Exercise and Back PainWhen we’re in pain, no matter what the culprit, our natural reaction is to rest. However, getting up and getting moving can actually help you more than you think. Sitting still is bad for you body in general. Being active while dealing with back pain can actually help strengthen your back muscles, stomach and even legs. Of course, depending on the cause and intensity of your pain, you should always clear your exercises with your doc first or give the experts at Nebraska Spine Hospital a call.
How Exercise Helps Back Pain
As we briefly mentioned, when we have back pain our natural reaction is to rest and that is a common, not to mention harmful misconception. Exercise should most definitely not be avoided when dealing with back pain. Patients are commonly reluctant to exercise a painful back out of fear of aggravating their existing pain; making them rely too heavily on medical treatments and significantly underestimating the importance of exercise as a healing and long-term back pain relief. For most back problems, movement and exercise are the natural stimuli for the healing process. Instead of opting for bed rest, engage in a controlled, gradual and progressive exercise regimen that you and your doctor have designed together. Not only will this lessen your current back pain but prevent future back pain incidents. Prolonged inactivity can actually increase back pain as the back muscle become weak, stiff and deconditioned.
Before you start any exercise regiment or fitness program, you should first consult your doctor or the right kind of fitness professional. It’s important to note that you will probably experience some initial discomfort when starting your exercise program, but worry not, this will subside.
What Kind of Exercises to do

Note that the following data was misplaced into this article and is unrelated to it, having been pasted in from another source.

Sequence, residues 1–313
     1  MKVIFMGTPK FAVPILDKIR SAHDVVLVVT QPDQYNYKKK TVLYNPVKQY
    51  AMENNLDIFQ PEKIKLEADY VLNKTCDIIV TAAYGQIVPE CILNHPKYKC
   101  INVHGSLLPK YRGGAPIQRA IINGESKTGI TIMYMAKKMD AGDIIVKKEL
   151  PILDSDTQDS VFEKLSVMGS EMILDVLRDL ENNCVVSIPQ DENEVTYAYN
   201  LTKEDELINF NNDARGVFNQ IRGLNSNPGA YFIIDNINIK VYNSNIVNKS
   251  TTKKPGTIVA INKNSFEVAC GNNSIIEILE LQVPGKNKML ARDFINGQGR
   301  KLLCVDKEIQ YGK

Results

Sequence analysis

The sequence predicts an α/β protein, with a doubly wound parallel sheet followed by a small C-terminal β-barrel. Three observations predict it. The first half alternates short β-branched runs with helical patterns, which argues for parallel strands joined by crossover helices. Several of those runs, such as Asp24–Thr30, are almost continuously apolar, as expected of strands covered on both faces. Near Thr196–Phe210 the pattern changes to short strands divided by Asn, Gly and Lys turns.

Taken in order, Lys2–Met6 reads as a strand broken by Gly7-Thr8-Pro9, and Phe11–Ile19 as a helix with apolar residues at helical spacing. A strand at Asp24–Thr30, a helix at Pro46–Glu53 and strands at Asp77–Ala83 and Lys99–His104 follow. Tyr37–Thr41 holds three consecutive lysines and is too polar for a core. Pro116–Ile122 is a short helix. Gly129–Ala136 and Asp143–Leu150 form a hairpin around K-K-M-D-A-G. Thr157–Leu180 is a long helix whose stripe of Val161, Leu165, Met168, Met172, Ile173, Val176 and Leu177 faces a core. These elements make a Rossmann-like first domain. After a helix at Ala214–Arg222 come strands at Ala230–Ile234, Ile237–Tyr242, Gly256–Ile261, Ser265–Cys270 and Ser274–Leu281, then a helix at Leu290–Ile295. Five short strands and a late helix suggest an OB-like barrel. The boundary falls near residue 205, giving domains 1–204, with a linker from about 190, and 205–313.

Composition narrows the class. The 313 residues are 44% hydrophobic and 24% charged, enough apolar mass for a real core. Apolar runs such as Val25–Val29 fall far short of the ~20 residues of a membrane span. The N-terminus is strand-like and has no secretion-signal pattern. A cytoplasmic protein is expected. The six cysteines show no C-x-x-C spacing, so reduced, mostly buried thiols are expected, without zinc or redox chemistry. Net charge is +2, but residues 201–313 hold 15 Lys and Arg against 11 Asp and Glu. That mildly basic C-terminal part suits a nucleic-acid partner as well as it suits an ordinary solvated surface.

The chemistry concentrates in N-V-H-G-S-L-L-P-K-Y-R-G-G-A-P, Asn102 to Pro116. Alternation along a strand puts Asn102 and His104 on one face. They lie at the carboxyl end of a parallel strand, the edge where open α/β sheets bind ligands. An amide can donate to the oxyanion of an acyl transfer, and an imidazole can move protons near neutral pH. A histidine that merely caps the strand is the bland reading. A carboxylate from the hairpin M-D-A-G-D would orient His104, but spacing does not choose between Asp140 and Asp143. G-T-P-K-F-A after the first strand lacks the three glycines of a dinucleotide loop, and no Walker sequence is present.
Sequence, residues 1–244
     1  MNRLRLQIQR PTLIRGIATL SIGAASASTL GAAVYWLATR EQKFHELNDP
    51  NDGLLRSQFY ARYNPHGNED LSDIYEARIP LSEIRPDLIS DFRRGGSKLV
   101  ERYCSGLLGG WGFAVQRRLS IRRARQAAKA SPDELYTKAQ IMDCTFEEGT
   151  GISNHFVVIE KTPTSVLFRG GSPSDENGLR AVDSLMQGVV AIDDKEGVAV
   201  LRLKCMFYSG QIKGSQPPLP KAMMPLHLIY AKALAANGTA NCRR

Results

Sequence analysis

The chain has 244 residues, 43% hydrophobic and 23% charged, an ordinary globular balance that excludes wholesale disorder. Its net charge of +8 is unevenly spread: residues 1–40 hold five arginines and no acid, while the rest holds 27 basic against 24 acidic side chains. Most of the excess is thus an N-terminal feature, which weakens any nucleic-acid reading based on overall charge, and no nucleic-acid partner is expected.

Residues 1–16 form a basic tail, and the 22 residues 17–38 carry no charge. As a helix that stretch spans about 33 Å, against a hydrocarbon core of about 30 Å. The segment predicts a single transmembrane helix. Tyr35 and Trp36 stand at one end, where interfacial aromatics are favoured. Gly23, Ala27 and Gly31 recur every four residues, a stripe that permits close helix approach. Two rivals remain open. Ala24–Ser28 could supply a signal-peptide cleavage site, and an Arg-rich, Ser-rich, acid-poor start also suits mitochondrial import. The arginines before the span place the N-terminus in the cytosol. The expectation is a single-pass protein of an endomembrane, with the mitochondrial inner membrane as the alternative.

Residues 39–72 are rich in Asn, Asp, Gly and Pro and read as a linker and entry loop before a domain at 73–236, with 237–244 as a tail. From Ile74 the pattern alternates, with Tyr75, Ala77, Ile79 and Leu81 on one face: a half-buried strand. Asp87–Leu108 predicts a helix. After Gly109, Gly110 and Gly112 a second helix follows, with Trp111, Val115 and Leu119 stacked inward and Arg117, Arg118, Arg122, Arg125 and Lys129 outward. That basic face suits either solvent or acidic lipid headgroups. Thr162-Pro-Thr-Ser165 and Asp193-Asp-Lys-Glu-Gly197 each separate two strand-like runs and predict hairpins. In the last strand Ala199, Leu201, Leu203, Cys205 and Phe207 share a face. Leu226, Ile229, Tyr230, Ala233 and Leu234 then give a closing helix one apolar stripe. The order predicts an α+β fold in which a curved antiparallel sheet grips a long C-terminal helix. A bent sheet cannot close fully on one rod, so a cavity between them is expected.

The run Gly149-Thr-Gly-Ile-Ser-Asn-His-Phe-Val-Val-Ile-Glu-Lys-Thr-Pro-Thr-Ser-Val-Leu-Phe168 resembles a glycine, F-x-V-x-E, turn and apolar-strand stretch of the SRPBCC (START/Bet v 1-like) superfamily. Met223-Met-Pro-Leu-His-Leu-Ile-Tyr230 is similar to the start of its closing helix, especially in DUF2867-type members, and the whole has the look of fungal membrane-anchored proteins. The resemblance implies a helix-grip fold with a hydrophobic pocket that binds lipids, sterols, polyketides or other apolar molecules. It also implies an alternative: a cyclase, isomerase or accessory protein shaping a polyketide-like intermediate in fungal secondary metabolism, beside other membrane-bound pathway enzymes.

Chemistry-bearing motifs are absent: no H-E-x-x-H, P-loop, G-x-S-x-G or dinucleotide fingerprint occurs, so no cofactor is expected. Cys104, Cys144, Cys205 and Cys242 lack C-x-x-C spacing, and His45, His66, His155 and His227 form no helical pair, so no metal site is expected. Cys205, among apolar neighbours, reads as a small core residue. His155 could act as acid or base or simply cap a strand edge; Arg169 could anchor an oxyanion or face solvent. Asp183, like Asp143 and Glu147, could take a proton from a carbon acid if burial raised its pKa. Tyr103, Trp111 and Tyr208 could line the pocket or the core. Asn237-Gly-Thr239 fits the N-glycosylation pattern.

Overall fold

Water therapy is always a great way to start getting those back muscles back into shape and alleviating some of your pain especially if you are experiencing high levels of back, or even neck pain where land-based therapy is just too painful. The water’s buoyancy reduces compression on the lower back allowing for more pain-free movement. Water therapy also prepares the body for more intense exercises.
Walking is a good option for those of you who are experiencing less intense back pain and are ready to move onto more intensive land-based exercise. Walking is considered a low-impact form of exercise and is an ideal option for those of you specific to ongoing or recurrent episodes of lower back pain.
Stretching is good for just about anyone dealing with some form of pain. Stretch the soft tissues – muscles, ligaments and tendons – in the back, buttocks and around the spine. Here are some general tips from Spine-Health for relieving back pain:
- Wear comfortable clothes that won’t bind
- Stretching should be pain-free; do not force the body into difficult positions
- Move into the stretch slowly and avoid bouncing, which may actually tear muscles
- Stretch on a clean, flat surface that is large enough to move freely
- Hold stretches long enough (20-30 seconds) to allow muscles or joints to become loose
- Repeat the stretch, generally 5-10 times
What Exercises to Avoid
According to WebMd here are some exercises you should try to avoid if you are experiencing back pain:
- Toe touches as these can put stress on the discs and ligaments in your spine.
- Sit-ups as these can also put pressure on the discs in your spine
- Leg lifts- lifting both legs together while laying on your back is very demanding on your core and if weak, these can actually make your back pain worse.
Obviously, you know your body better than anyone, just don’t push it. Active forms of back exercises are almost always necessary to rehabilitate the spine and help alleviate back pain. Your friends at Nebraska Spine Hospital wish you nothing but a speedy and healthy recovery and we are always here to help. If you’d like to talk to a doctor about your back pain and explore your own options, please do not hesitate to Find a doctor today.